Gov. Roy Cooper today (March 14) ordered public schools closed for two weeks starting Monday. Photo courtesy of Raleigh News&Observer

Saturday, March 14, 2020. 5:53 p.m. This coronavirus story continues to unfold.

From our news sources

RALEIGH–Gov. Roy Cooper today ordered all K-12 public schools in North Carolina to close for a minimum of two weeks in response to COVID-19. The executive order also bans gatherings of more than 100 people. North Carolina currently has 23 people in 12 counties who have tested positive for COVID-19.

“We do not have the luxury of a wait-and-see approach,” Cooper said. “These are hard decisions but they are necessary so we can learn more about the virus. We do not want any regrets in the rearview mirror, and I am guided by one objective – doing what we must to keep people from getting sick and to make sure that those who do can get excellent care.”

The executive order directs all public schools to close beginning Monday, March 16, for at least two weeks.

The two-week period allows time for North Carolina to further understand the impact of COVID-19 across the state and develop a plan for continued learning for students should a longer closure be needed.

Cooper said he said he wanted uniformity among the state’s 1.5 million public school students instead of having scattered school closings.

Cooper made the decision in consultation with State Board of Education Chair Eric Davis, State Superintendent of Public Instruction Mark Johnson and North Carolina Health and Human Services Secretary Mandy Cohen.

Cooper appointed an Education and Nutrition Working Group to develop a plan to ensure that children and families are supported while schools are closed. The working group will focus on issues including nutrition, health, childcare access for critical health care and other front-line workers and learning support for children at home.

The Working Group will be co-chaired by Susan Gale Perry, chief deputy secretary of NC DHHS, and David Stegall, Ed.D, Deputy State Superintendent of Innovation at DPI, and will have representatives from DPI, NC DHHS, the State Board of Education, as well as other education, nutrition and childcare associations.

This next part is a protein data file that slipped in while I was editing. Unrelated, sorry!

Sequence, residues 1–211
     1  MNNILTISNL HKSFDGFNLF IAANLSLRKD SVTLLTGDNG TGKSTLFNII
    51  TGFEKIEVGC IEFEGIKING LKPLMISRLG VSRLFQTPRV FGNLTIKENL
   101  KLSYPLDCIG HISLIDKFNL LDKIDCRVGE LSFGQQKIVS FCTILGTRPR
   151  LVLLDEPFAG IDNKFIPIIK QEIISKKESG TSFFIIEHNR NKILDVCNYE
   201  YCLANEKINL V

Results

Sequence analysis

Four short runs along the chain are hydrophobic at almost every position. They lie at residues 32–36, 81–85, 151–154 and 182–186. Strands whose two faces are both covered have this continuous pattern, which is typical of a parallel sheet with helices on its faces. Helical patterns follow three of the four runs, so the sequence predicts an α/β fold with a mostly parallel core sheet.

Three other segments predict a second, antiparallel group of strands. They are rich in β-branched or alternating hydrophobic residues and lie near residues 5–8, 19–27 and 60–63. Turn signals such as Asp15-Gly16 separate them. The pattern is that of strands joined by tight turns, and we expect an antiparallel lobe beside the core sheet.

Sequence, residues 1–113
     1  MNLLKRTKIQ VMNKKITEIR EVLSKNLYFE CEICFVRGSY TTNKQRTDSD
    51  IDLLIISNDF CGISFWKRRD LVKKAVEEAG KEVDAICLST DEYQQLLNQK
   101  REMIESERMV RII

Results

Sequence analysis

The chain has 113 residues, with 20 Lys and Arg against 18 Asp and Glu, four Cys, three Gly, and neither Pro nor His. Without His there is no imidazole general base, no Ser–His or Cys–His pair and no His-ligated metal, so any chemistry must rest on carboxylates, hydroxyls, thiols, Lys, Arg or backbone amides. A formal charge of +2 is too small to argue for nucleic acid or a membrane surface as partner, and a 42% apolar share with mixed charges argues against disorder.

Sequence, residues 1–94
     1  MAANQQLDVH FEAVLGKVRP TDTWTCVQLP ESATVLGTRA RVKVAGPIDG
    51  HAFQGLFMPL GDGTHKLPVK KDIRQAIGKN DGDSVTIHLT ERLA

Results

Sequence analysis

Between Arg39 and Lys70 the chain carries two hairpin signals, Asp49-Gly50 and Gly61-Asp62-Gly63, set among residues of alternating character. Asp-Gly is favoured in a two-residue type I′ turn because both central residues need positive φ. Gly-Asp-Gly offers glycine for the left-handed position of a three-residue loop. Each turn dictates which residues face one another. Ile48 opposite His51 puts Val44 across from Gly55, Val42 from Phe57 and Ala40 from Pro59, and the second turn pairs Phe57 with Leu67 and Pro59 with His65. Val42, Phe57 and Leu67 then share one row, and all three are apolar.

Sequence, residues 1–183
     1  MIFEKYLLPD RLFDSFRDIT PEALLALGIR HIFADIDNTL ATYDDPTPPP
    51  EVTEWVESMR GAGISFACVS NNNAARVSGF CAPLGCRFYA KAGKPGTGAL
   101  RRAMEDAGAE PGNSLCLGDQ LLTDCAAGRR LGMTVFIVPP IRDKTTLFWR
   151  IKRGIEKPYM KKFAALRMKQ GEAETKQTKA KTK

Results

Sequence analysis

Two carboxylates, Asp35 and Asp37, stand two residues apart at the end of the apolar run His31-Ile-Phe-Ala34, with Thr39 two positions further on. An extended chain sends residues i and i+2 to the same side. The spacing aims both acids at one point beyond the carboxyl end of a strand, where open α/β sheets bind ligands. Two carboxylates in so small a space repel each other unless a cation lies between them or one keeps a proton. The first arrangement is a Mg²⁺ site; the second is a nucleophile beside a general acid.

“I am standing up this new working group to ensure that children have enough food to eat, families have care in safe places for their young children, and student learning continues,” Cooper said.

Cooper said Saturday that teachers would still be paid during the next two weeks.

In addition to closing schools, the executive order prohibits mass gatherings that bring together more than 100 people in a single room or space, such as an auditorium, stadium, arena, large conference room, meeting hall, theater or other confined indoor or outdoor space, including parades, fairs and festivals.

Violations of the order are punishable as a Class 2 misdemeanor.

The ban on gatherings does not include airports, bus and train stations, medical facilities, libraries, shopping malls and spaces where people may be in transit. Office environments, restaurants, factories, or retail or grocery stores are also excluded.

The order received concurrence by members of the N.C. Council of State without objection. The full executive order is available here.

Make sure the information you are getting about COVID-19 is coming directly from reliable sources like the CDC and NCDHHS. 

For more information, please visit the CDC’s website at and NCDHHS’ website at, which includes daily updates on positive COVID-19 test results in North Carolina.

Previous articleHyde County schools to remain open for now with restrictions–updated
Next articleCDC issues guidance against gatherings of 50 or more persons